Several University of California regents expressed deep skepticism Thursday about the use of SAT and ACT tests in admissions decisions, signaling the standardized exams may be headed for elimination as an application requirement.
Regents, meeting remotely because of the coronavirus outbreak, honed in on the test’s impact on underserved students. Opponents of the tests argue that it discriminates on the basis of race, income and parent education levels.
In their first substantive discussion of the testing issue since UC President Janet Napolitano asked faculty leaders to review it in 2018, regents also sought to understand the history and role of the exams in the university system.
“A system designed to oppress does the thing that it is designed to do,” Regent Laphonza Butler said. “And if we are thinking about how we move forward, the freedom associated with the unburdening of California families...is incredibly important.”
Regents will not vote on whether to keep or drop the tests until at least May. But powerful forces on both sides, including testing industry officials and civil rights activists, are scrambling to influence the decision. The enormous stakes were not lost on the regents, whose actions will play an outsized role in the future of standardized testing in America because of the public research university system’s size, stature and influence.
“Among all the many issues that come before the board, I would rank this at the very top,” Napolitano told regents Thursday.
The UC system, by adopting a SAT testing requirement for admissions a half-century ago, propelled what had been an assessment mainly used by smaller East Coast campuses into a place of national prominence. Four-fifths of UC’s 172,000 freshmen applicants submit SAT scores, making the university system the largest customer of the College Board, which owns the test.
“In many ways, the University of California is the history maker in this area,” said Regent Eloy Ortiz Oakley.
College Board and ACT Inc. officials argue that their tests offer a uniform yardstick to assess students from different schools and states and, along with high school grades, help predict college success. They also assert that their tests don’t discriminate but only reflect the effects of inequitable educational systems.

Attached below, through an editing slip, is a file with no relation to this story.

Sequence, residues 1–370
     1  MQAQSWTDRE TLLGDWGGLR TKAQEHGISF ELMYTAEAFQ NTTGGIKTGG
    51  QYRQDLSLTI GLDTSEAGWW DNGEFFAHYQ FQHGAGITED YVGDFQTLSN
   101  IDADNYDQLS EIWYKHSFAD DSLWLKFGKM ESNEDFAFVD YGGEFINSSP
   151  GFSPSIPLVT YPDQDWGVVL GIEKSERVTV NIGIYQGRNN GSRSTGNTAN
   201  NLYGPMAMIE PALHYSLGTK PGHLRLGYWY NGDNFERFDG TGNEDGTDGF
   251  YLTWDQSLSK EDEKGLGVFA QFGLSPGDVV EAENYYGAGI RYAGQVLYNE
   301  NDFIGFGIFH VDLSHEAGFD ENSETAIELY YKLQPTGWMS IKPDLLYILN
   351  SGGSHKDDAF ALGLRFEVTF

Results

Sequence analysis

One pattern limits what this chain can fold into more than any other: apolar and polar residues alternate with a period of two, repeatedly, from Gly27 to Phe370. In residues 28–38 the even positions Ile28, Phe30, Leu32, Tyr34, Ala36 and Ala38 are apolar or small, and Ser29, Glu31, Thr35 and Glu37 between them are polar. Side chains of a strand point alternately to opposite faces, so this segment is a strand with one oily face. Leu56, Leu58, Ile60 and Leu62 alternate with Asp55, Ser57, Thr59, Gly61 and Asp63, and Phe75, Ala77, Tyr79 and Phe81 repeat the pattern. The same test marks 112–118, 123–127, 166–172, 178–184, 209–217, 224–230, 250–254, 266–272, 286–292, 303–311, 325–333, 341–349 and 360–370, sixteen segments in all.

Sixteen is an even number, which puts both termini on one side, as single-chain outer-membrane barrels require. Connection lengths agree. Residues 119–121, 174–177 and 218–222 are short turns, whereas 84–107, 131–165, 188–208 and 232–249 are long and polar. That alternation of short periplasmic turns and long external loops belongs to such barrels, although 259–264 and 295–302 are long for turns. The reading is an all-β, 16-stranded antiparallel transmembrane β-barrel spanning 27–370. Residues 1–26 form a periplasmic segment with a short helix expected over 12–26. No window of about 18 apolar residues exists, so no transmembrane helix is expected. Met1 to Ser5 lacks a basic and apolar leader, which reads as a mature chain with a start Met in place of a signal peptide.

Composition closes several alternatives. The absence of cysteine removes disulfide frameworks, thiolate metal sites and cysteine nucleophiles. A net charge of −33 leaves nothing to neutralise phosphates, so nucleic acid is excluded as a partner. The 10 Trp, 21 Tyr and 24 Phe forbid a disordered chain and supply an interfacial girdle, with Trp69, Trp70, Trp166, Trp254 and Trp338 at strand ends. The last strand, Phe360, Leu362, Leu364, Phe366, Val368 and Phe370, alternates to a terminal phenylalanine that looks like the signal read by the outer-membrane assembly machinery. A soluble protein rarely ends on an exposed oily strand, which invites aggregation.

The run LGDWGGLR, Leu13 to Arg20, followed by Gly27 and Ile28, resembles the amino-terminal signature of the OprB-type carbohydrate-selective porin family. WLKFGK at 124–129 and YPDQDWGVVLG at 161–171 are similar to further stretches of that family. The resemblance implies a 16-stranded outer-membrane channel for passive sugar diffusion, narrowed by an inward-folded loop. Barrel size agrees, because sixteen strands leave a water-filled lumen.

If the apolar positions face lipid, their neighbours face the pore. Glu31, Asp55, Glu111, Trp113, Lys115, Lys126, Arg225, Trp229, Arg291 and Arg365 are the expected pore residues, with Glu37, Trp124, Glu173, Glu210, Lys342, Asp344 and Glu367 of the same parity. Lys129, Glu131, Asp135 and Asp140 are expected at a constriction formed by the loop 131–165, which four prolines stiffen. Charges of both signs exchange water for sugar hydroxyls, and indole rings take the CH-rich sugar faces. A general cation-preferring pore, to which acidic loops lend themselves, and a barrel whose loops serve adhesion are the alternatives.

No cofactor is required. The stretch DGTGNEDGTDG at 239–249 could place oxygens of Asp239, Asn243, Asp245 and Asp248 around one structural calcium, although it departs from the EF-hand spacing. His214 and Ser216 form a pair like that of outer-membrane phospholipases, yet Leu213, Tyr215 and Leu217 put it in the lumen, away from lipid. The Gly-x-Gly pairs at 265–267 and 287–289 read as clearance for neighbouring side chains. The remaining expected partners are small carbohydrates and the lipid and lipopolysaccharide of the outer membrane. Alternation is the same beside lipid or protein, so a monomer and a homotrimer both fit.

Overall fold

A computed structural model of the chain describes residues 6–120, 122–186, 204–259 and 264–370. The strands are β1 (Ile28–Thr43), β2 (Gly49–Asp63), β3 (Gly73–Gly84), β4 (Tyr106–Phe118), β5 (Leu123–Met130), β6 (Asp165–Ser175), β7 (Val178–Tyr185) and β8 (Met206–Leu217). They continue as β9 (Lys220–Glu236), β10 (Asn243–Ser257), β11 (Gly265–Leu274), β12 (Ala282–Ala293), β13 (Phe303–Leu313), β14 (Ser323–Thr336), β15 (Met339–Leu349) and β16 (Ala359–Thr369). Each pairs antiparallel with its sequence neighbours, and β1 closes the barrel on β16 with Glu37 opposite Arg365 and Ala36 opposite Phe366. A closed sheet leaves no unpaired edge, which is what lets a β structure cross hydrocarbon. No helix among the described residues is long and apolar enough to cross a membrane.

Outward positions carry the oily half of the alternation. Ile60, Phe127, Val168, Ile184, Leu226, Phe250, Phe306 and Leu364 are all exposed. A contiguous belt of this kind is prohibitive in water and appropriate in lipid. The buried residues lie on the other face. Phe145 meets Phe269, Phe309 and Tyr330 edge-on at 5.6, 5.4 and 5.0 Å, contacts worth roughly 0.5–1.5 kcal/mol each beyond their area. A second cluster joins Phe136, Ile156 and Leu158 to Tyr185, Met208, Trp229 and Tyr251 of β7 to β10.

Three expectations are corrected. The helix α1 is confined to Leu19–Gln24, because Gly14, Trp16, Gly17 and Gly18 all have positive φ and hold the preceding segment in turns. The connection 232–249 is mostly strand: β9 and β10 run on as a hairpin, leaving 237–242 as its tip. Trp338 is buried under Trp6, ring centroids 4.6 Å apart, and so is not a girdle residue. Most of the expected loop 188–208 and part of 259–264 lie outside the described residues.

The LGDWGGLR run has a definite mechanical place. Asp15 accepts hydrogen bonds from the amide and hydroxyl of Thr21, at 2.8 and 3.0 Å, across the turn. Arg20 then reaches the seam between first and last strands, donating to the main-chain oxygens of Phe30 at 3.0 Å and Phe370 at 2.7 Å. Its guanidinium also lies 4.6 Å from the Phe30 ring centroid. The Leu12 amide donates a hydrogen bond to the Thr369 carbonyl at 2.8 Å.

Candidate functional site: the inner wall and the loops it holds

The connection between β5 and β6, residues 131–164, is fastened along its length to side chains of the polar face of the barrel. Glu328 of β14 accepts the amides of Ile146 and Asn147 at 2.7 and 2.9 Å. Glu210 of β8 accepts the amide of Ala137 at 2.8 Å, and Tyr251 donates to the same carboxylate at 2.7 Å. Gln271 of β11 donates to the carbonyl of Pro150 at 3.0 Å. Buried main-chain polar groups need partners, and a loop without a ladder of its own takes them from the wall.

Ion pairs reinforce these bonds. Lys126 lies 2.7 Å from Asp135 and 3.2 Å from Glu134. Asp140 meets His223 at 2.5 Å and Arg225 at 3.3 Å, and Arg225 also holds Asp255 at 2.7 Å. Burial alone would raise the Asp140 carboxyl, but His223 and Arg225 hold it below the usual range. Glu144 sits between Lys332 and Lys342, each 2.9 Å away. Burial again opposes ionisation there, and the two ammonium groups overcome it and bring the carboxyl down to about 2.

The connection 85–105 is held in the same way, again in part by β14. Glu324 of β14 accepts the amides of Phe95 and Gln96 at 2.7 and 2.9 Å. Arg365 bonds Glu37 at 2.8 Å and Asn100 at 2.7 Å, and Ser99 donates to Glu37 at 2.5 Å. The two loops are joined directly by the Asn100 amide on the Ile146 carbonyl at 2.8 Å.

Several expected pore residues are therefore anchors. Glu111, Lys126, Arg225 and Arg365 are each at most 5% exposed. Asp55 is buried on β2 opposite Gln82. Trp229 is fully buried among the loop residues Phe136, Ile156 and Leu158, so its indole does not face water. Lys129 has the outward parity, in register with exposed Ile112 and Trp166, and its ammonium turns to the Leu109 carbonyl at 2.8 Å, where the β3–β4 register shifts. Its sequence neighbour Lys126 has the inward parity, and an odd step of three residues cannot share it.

Such arguments, however, seem unlikely to move many regents. Several expressed concern about not only the inequitable outcomes of the tests but also about the stress they cause students and parents.
Two decades ago, then-UC President Richard Atkinson considered eliminating the SAT testing requirement in part because of the “devastating impact on the self-esteem and aspirations of young people,” said Provost Michael Brown, who has voiced support for dropping the tests.
Regent Richard Leib expressed concern about unequal access to test prep and asked UC officials to provide research about it at the May meeting. He said his own children hit higher scores on their second attempts after undertaking test prep and practice tests.
“It makes it very difficult for me to support using this tool when there’s such a disparity there,” Leib said.
Some regents, however, noted that UC campuses consider test scores as just one of 14 factors in a comprehensive review process and don’t use them at face value but place them in the context of a student’s school and family background.
The most competitive UC campuses — UCLA, Berkeley, San Diego, Irvine and Davis — do not assign a fixed weight to test scores. They are weighted at 43% at UC Santa Barbara, 41% at UC Riverside and 20% at UC Merced in an applicant’s academic index, which also includes high school grades and comprises just part of the overall evaluation.
A UC Academic Senate task force found in a preliminary review of the issue that campuses compensate for testing bias by admitting underserved students with lower scores compared to more advantaged peers.
Several regents asked that admissions officers appear at the May meeting to explain the comprehensive review process, including the role of test scores. UC officials said test scores also help campuses compare nonresident students to Californians and calculate how many admission offers to extend based on estimates of how many will accept them.
“We don’t want to take away tools they need to make important decisions,” said Regent Charlene Zettel.
But board Chair John A. Pérez noted that UC has sought to use various measures to compensate for testing bias for decades. “One asks how many mitigating tools are needed to compensate for something that creates inequitable outcomes.” he said.
Pérez also asserted the board’s authority over the decision. Under UC’s system of “shared governance,” the Academic Senate is responsible for setting admissions policies and some faculty members have expressed concern about a “constitutional crisis” if the regents overturn their ultimate recommendation on standardized testing.
In its preliminary report, the Senate task force has recommended that UC keep the tests while faculty continue research into making them optional — which more than 1,000 other colleges and universities have done — or develop its own assessment.
But Pérez made clear the regents would not necessarily follow the faculty view. “We take input and we ask everybody to engage, but it’s ultimately the board’s responsibility,” he said.
At the showdown in May, regents have asked to hear from both critics and supporters of the tests, along with admissions officers. They also have asked for a rundown of the myriad potential impacts of dropping the testing requirement.